1) Renewables: China is building the world’s biggest solar power plant
Shanghai Electric Group and US-based BrightSource Energy are working together to develop the largest solar power plant in the world in China’s Gobi desert, reports Business Standard.
When completed, the 200MW project called Delingha will power more than a million homes in a year. And at 25 square kilometres, Metro says it’ll be the size of UK city Bath.
OilPrice explains where and why this project fits in China’s big push for solar power.
And, according to the Chinese press, the government is debuting a major new solar construction plan in its coal-heaviest region Shanxi.
The Forerunner of Solar programme will see the 950MW of clean energy developed across 12 different projects in the sinkhole-stricken province.
Meanwhile scientists from the US Department of Energy and Northwestern University say that perovskite solar cells can recoup their energy costs within three months — that’s 10 times faster than traditional silicon cells.
Perovskite solar cells were one of the seven potentially breakthrough solar technologies we covered last year (it’s the last one).
2) Coal: Adani’s Australia mine has been ‘unapproved’
Indian coal giant Adani has seen approval for its massive coal mine beside the Great Barrier Reef revoked by an Australian federal court, the Wall Street Journal reports.
The latest challenge facing the controversial project is over the likely impact it would have on the yakka skink lizard species, native to the region.
In the UK, coal company Miller Argent is threatening to sue Caerphilly – one of the most deprived boroughs in Wales – if the county council does not permit the development of a massive opencast coal mine, reports the Guardian.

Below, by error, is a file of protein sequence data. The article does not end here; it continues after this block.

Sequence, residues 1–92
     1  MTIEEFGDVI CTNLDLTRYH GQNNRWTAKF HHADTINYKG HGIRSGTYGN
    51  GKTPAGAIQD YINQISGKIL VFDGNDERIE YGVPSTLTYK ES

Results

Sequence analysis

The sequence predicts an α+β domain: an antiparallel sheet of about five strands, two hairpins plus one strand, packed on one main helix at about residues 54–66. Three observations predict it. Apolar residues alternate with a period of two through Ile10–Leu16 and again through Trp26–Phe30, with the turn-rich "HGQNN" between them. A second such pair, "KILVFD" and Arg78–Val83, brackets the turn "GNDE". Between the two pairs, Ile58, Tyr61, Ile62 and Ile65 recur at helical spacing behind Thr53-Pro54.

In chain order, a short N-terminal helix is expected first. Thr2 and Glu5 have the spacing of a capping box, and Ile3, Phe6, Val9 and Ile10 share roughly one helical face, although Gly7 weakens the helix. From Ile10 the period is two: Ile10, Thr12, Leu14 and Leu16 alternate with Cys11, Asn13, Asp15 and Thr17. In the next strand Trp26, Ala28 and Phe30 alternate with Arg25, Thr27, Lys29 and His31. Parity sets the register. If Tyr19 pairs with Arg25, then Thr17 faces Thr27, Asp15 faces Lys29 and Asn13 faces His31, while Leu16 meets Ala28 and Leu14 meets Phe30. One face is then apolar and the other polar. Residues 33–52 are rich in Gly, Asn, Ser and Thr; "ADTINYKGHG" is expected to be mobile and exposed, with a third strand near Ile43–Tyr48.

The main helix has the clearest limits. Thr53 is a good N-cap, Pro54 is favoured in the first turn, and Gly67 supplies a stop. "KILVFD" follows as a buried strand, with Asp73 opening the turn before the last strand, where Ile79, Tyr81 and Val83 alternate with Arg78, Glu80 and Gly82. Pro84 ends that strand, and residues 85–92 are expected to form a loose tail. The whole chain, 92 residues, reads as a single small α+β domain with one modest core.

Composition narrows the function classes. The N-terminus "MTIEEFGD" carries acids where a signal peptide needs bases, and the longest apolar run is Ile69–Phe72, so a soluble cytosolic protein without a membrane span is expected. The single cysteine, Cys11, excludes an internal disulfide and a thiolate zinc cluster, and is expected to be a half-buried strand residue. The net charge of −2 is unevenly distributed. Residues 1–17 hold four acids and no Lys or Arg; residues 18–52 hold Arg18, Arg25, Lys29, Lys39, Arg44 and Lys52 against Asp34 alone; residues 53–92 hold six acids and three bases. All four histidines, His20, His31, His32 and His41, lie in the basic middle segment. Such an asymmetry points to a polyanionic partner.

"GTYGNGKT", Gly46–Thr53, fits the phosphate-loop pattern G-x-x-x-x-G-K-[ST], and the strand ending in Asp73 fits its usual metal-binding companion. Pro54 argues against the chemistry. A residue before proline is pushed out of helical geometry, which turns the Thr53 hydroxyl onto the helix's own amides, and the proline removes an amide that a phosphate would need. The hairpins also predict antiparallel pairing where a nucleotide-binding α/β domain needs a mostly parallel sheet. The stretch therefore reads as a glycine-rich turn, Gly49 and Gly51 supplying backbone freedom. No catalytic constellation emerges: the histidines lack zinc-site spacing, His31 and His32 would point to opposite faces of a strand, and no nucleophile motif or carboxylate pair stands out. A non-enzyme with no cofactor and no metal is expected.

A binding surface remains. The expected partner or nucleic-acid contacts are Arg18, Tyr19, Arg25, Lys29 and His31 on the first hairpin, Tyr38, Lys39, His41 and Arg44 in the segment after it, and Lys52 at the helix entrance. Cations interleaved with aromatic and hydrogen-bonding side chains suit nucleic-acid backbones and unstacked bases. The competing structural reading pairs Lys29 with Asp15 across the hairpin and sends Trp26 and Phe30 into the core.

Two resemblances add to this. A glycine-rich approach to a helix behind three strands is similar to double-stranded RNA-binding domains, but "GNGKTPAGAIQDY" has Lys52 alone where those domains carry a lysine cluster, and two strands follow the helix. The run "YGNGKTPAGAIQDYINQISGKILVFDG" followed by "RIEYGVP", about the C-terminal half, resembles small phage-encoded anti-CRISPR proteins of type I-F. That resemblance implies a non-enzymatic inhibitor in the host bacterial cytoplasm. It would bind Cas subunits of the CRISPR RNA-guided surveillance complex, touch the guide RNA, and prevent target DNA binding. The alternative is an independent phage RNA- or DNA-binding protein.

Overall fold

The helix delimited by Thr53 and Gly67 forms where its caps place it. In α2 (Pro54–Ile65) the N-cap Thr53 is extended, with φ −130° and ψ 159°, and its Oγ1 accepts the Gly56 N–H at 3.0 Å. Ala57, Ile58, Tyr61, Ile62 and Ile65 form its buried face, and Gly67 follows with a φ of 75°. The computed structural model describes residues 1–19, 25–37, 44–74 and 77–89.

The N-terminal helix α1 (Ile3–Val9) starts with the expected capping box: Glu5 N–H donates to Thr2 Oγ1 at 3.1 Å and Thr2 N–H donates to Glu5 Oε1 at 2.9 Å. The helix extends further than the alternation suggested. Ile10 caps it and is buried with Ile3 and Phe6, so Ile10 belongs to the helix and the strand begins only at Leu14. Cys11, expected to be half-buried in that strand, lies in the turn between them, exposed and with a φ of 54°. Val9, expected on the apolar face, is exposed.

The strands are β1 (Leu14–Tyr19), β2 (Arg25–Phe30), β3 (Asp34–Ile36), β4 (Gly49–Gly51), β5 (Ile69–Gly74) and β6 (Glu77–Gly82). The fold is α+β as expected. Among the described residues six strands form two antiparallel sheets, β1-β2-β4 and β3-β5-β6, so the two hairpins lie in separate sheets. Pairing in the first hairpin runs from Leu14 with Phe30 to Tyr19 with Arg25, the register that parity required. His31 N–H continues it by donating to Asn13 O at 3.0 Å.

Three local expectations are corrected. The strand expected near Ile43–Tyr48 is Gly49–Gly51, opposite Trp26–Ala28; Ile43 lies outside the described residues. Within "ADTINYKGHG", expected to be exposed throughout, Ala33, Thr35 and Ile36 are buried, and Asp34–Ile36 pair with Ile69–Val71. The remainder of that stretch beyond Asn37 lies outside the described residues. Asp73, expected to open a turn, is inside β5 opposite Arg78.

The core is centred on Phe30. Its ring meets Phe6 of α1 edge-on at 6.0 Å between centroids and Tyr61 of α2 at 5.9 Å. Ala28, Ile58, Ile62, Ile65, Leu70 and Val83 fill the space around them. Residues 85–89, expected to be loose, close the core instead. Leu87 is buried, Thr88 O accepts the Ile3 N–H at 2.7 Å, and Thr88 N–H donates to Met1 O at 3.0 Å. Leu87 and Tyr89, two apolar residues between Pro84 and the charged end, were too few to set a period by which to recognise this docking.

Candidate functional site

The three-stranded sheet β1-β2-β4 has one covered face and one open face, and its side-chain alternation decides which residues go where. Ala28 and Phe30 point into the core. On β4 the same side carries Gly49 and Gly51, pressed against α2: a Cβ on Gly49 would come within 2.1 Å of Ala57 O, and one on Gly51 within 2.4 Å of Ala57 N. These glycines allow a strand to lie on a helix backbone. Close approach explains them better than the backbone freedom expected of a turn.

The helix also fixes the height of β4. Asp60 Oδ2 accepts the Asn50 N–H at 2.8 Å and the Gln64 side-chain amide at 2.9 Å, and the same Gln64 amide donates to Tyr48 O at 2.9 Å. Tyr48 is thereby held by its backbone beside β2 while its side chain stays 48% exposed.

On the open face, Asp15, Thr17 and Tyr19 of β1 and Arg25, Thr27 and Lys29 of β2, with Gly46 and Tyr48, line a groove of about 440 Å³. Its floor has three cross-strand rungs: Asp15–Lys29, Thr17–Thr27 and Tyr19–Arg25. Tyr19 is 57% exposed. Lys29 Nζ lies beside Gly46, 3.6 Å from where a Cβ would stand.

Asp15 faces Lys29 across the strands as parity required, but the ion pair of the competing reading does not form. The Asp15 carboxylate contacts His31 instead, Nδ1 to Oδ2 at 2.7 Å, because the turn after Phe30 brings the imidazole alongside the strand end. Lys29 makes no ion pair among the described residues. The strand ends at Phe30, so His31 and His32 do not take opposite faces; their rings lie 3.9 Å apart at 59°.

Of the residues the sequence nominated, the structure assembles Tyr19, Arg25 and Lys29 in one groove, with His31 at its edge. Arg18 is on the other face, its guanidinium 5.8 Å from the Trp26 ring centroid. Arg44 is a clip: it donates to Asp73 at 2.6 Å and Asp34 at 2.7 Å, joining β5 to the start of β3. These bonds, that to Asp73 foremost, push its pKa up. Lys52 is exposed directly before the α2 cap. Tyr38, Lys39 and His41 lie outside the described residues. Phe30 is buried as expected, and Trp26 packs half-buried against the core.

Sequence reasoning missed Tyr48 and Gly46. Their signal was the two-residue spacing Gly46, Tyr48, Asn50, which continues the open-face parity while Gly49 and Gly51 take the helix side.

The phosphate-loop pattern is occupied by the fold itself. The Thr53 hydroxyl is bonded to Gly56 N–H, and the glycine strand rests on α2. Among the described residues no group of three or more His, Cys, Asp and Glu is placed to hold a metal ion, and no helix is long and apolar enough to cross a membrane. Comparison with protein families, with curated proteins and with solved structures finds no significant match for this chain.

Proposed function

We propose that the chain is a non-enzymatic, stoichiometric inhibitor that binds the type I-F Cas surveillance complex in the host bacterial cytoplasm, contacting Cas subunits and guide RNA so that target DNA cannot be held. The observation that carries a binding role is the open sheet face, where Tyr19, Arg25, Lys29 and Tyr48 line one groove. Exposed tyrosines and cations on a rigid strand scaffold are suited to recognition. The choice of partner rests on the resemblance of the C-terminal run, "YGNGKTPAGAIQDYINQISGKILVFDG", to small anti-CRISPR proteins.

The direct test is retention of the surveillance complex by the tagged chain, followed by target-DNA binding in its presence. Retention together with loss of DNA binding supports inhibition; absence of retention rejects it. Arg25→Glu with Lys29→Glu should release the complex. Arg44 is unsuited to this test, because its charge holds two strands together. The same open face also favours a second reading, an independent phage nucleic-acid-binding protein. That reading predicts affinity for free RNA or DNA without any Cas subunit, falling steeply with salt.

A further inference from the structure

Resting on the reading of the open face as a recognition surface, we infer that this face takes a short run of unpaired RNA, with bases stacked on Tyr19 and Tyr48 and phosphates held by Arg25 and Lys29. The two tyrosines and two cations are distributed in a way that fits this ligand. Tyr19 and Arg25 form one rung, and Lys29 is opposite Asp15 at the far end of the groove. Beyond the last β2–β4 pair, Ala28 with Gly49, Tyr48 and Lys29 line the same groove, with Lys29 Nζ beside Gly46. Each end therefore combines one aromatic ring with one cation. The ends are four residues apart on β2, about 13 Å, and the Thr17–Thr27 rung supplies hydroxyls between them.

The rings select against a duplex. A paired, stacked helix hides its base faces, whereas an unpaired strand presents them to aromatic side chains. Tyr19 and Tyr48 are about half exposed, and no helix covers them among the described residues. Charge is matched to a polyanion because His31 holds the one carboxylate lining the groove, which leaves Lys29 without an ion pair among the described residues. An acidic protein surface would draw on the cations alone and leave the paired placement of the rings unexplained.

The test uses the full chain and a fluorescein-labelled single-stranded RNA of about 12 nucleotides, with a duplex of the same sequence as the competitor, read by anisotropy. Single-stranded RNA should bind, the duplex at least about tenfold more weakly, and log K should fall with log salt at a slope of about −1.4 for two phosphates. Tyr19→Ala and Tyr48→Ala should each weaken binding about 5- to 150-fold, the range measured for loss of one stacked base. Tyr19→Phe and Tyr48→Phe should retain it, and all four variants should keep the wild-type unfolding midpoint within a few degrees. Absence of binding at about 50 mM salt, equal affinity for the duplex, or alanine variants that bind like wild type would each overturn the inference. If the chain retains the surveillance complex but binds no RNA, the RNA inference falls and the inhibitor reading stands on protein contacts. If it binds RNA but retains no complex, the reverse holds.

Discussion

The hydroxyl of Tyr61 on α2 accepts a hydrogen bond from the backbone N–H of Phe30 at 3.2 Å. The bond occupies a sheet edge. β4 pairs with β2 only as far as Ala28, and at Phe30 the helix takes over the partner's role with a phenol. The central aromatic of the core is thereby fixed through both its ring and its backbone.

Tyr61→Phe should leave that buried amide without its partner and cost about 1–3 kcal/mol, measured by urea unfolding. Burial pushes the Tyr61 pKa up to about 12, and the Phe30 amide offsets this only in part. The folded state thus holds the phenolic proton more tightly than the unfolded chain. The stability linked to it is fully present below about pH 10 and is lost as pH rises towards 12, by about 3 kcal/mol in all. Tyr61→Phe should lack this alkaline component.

Meanwhile coal prices just keep on falling, Reuters reports. A continuing supply glut combined with China’s consumption slowdown has seen the global price of coal fall by 10% so far this year — to a near 10 year low.
3) Clean Power Plan: The fallout continues
A Wall Street Journal editorial calls on states to ‘refuse to comply’ with Obama’s newly introduced emissions regulations, whilst Michael Bloomberg opines that though the Clean Power Plan is important, coal was already circling the drain.
The ambitious plan inspired the FT to say the US has taken the lead on climate change action, a development which has prompted criticism of the UK government’s recent moves against wind and solar energies.
DECC refused to comment to the BBC when asked why renewables are seen as affordable in the US but unaffordable in the UK.
And if you want a step-by-step guide to the Clean Power Plan, here’s one from Vox’s Brad Plumer.
In other news:
Arctic: Russia has staked new claim to a vast area of the Arctic Ocean, planting a titanium flag on the sea floor below the North Pole, reports the New York Times.
UK: The deal for Hinkley Point nuclear plant will be signed within weeks ahead of the formal completion when Chinese President Xi Jinping visits London in October,reports the Independent.
South Africa: RTCC says South Africa will stick with its current climate plan – laid out in 2009 – ahead of the Paris COP at the end of the year. The UN pledge – which will target 34% fewer emissions vs business as usual by 2025 – is expected to be filed in late September.
US: An American-backed natural gas pipeline from Turkey to Azerbaijin has been attacked, reports Quartz.
UK: We’re getting the Tesla powerwall early next year, according to Utility Week.